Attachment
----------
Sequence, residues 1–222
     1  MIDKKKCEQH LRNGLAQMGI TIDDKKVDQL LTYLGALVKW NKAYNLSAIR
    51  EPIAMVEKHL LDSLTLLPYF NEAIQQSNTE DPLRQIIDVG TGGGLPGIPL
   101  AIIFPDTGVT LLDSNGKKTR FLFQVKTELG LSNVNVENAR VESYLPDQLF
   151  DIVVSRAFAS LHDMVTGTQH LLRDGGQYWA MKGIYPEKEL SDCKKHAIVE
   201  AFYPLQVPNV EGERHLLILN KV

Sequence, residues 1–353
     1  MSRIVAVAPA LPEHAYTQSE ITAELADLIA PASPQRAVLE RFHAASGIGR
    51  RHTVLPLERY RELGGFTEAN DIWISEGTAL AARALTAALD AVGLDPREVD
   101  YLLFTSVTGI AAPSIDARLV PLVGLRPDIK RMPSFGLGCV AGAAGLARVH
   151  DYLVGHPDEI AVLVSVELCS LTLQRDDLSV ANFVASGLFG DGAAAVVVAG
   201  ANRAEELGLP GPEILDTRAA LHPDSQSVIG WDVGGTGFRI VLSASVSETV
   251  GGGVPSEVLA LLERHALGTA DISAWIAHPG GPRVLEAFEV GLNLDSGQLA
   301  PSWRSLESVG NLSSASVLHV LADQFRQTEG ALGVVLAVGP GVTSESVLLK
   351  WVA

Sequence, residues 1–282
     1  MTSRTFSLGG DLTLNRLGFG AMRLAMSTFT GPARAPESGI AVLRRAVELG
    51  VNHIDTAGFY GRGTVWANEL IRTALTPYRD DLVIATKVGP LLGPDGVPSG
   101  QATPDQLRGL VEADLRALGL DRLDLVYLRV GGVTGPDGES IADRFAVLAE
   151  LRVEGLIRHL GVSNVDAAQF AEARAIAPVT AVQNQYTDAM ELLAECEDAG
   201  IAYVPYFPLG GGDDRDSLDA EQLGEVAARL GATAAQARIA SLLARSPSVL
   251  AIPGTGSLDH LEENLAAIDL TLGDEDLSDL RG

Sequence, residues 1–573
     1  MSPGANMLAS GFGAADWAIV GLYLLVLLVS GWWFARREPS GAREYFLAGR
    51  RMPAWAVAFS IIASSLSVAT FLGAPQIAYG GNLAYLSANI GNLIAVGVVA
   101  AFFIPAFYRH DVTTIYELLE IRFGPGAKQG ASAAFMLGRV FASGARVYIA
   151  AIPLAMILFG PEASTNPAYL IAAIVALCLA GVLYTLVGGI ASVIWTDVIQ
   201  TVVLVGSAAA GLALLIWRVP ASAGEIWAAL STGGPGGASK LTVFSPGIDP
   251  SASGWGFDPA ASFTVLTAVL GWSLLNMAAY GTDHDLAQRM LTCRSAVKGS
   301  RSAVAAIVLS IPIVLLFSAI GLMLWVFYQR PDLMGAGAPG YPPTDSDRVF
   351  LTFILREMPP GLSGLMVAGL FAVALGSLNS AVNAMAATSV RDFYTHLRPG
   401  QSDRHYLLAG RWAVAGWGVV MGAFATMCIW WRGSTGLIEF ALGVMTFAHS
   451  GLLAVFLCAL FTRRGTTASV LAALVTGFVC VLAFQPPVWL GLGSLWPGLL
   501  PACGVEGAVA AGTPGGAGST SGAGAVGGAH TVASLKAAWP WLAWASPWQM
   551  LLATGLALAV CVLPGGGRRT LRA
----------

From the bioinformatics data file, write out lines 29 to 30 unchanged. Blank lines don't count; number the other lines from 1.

   251  SASGWGFDPA ASFTVLTAVL GWSLLNMAAY GTDHDLAQRM LTCRSAVKGS
   301  RSAVAAIVLS IPIVLLFSAI GLMLWVFYQR PDLMGAGAPG YPPTDSDRVF